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Instagram influencers are still sneaking ads to millions of followers, groups say

What's an ad and what's not? That's often unclear on Instagram, some groups are arguing.

If someone is advertising to you, you should know it, right? It should be clear that this photo or video is a paid promotion.

That's been the rub on Instagram recently: influencers who reach millions of people with their accounts post paid endorsements – but don't make it clear the posts are basically ads.

The FTC, which is in charge of protecting consumers from unfair practices, sent a letter to 90 influencers and advertisers earlier this year, telling them to knock it off. (Putting "#partner" beneath line after line of hashtags isn't enough, for example.)

Well a group of consumer rights watchdogs tracked 46 influencer accounts after those letters had been sent out – including Diddy, Heidi Klum, Zendaya, and Luke Bryan – and found most of them were still being sneaky with the endorsement posts.

It's 'misleading and deceiving' Instagram users

The three watchdog groups that followed up on this are Public Citizen, Campaign for a Commercial-Free Childhood, and Center for Digital Democracy. Leaders from each organization sent a letter to the FTC detailing their findings, and asking the agency to penalize the influencers and brands that continue to skirt the rules.

The groups looked at 412 Instagram posts that included sponsored content from the 46 influencers, dated May 1 through June 12, and marked whether it included a disclosure that met the FTC's guidelines.

Anybody who is promoting a product they got for free, or is doing so for an endorsement/marketing deal, or has any other kind of “material connection” to the product, has to say that in a clear and easy-to-see way, the FTC explains.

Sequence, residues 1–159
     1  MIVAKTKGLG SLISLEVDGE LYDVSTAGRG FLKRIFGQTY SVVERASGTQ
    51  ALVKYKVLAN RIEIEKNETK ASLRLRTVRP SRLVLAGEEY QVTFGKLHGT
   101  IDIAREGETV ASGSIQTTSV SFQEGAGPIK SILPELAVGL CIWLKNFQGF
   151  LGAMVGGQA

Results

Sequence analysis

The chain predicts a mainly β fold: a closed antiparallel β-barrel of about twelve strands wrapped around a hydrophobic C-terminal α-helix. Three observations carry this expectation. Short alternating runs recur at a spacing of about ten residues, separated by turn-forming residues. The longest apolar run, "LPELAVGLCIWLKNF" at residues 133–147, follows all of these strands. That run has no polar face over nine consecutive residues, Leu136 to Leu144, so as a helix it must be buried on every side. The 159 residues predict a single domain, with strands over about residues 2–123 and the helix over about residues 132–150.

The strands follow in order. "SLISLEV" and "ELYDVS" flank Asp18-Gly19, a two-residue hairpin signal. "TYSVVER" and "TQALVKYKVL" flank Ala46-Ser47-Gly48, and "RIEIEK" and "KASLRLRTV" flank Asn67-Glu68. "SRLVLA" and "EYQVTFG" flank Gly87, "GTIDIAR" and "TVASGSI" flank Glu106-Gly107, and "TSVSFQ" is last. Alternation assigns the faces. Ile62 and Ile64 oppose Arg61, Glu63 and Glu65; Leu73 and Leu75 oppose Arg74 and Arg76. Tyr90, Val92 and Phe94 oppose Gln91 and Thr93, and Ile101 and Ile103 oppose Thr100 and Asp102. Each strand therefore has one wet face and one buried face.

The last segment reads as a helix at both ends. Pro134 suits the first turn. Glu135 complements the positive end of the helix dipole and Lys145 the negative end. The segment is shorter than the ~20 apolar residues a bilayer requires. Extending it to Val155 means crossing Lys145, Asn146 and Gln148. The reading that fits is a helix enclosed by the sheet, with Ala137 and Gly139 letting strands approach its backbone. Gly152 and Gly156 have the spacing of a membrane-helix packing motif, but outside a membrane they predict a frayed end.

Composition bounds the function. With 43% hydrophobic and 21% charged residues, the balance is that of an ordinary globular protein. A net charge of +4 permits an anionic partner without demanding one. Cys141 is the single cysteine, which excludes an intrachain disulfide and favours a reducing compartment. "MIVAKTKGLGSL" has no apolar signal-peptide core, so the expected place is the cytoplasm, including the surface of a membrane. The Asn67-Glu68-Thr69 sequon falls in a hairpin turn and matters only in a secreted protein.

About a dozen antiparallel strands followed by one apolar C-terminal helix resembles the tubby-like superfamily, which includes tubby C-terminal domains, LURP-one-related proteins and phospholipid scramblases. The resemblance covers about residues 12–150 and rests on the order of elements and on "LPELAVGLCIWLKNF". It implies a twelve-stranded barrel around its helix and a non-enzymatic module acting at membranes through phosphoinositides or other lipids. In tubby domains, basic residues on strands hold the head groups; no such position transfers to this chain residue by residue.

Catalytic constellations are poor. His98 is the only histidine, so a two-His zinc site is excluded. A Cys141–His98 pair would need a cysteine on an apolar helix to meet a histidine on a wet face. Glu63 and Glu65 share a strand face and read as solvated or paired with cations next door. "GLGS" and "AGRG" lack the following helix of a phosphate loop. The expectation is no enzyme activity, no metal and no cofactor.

Of those posts reviewed, 327 didn't make it clear a post was an ad, while 87 did follow the guidelines.

Instagram by the way recently announced a new feature that will allow brands and influencers to clearly mark whether something is a paid promotion at the top of the post.

A few examples

Included in the letter are examples from nearly all the influencers. Here's one from Vanessa Hudgens, who has 26.1 million Instagram followers. The consumer groups say this is a Whispering Angel sponsored post. It was also the only one they dinged Hudgens for:

And then there's this one from singer/songwriter Nicky Jam, which throws an @BombergColombia on there for his 18.8 million followers – but the FTC has said it needs to be clearer:

Or you get these sneaky ones where a fashion brand is just tagged, like from Bella Thorne (15.8 million followers) and DollsKill:

These are all promotional, the groups argue, yet their millions of followers don't realize they're seeing an ad.

The groups say in a news release most of the products have to do with fashion, beauty or fitness and target younger consumers. But they're "designed to blend in with users’ normal content, making it nearly impossible for consumers to distinguish a marketing ploy from a genuine recommendation."

They continue: "For young women in particular, deceptive influencer marketing contributes to unrealistic and harmful standards of beauty and health."

The letter also uses this MediaKix study, which came to a similar conclusion, to back up its point. The study found more than 90 percent of celebrity social media endorsements don't meet the FTC's guidelines.

The groups ask the FTC to work with Instagram to establish good habits, and come up with a clearer solution – like putting a red outline around paid posts, for example.

Consumerist reached out to the FTC for comment. The agency said it's reviewing the letter.

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